Both churches are decorated with heart-stirring and eye-catching frescoes that are everywhere –inside and outside buildings in every community throughout the region.

A small church in Panicale (the town once had seven) houses a famous fresco — The Martyrdom of St. Sebastian. It was painted in 1505 by Piero di Cristoforo Vanucci, known as Il Perugino, whose most famous pupil was Raphael.

Panicale is but one of the scores of Umbrian hilltop towns that preserve the spirit of Italy. -- Cecil Scagione photo

Panicale is but one of the scores of Umbrian hilltop towns that preserve the spirit of Italy.
— Cecil Scagione photo

“There’s a funny story attached to this painting” Aldo said. On each side of this landmark Renaissance work are two small groups of bystanders, the paint on their faces long gone, watching Roman soldiers fire arrows into the martyr’s body.

“To make a fresco,” Aldo explained, “the painter puts in the colors while the plaster is still wet to preserve these works of art. The people in these groups were the patrons of the painting. Il
Perugino found out they weren’t going to finish paying him, so he painted their faces after the plaster dried. That’s why they have no faces now.”

Il Perugino was summoned by Pope Sixtus IV in 1481 to paint a portion of the Sistine Chapel. His “Charge to Peter” is still on view in the Vatican.

This artistic bent has filtered down to artisans. It’s evident everywhere but you can see it clearly just an hour away in Deruta, the ceramic capital of central Italy. It’s shops offer baked and glazed clay in all shapes, sizes, designs and colors.

Gubbio, tucked into Umbria’s northeastern corner at the foot of the Apennines, gives you a look at what medieval life looked like. People still live in 1,000-year-old houses and work in 1,000-year-old workshops. And they attend outdoor productions in a 2,000-year-old 15,000-seatRoman theater.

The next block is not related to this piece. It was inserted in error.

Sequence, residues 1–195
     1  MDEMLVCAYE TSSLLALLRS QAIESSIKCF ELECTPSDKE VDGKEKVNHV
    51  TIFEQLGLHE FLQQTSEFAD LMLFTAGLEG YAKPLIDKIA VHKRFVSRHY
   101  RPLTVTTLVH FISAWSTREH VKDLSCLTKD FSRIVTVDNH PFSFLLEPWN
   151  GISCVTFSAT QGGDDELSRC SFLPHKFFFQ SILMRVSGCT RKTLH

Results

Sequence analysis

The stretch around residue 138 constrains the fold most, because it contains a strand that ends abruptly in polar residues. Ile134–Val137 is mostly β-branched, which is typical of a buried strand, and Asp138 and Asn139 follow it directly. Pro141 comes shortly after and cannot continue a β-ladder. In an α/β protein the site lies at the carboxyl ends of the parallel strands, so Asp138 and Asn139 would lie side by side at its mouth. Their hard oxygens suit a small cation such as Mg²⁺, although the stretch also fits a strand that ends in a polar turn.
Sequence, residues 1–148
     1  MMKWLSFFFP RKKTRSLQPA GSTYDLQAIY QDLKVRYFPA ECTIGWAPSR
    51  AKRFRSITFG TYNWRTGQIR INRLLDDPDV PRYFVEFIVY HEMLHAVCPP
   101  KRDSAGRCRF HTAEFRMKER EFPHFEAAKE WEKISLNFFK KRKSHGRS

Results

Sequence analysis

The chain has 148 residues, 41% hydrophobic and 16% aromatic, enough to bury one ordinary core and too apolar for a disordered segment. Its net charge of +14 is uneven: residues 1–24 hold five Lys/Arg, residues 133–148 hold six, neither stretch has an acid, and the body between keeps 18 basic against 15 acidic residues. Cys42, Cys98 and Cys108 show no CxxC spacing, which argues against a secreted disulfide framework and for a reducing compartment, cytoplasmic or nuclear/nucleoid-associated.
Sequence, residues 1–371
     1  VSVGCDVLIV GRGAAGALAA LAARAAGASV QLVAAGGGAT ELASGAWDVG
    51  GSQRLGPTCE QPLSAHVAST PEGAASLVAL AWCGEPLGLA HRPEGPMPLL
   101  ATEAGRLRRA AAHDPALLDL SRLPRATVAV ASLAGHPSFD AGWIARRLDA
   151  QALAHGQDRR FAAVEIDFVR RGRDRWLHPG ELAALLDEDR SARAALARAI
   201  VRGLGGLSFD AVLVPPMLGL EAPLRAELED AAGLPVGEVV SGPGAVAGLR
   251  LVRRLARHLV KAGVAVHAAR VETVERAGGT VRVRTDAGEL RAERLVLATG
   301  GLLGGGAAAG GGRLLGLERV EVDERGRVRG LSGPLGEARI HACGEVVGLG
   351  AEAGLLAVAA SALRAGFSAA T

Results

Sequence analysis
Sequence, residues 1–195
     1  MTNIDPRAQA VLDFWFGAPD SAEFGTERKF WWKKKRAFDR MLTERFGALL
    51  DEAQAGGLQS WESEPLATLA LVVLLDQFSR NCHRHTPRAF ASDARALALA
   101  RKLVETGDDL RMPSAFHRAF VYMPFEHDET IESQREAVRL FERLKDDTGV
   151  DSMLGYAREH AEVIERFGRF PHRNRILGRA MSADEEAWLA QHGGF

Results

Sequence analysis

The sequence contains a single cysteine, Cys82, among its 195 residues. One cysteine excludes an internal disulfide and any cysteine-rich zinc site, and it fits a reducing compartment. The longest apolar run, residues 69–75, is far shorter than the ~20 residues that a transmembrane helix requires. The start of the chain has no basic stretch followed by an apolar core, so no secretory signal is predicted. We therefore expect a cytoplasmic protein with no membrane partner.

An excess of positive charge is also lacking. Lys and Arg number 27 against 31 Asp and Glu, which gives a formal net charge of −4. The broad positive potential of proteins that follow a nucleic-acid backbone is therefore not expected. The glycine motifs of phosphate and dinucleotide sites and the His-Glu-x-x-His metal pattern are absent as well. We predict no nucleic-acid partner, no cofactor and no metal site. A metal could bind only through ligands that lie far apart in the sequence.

Getting to these hilltop villages requires a car. Taking to the road here is not the nightmare some would lead you to believe. Motorists do tailgate here, but all you have to do is get out of the way.

There are roadside pull-over areas to let motorists get by. They even give you a beep-beep “thankyou” as they pass. But you don’t have to drive to or in the big cities. Trains are best for taking you right into their hearts.

Walking four kilometers of hilly winding road to the neighboring village of Paciano for lunch faxed the terrain into our brains. It seemed to be up hill all the way there and up hill all the way
back. It did help work up an appetite And that’s another part of the fun things to experience besides the heart and history of Italy — the cuisine.

The food merits a story in itself — local pastas, regional salamis, veal, gelato, wild boar, roast rabbit, truffles, guinea fowl, fresh produce and salads, piquant olive oil, wine without additives, the list is endless.

Sheila Fitz-Hugh from Leeds, Yorkshire, a regular visitor to Umbria with her husband, Peter, said it all: “You just can’t find bad food here.”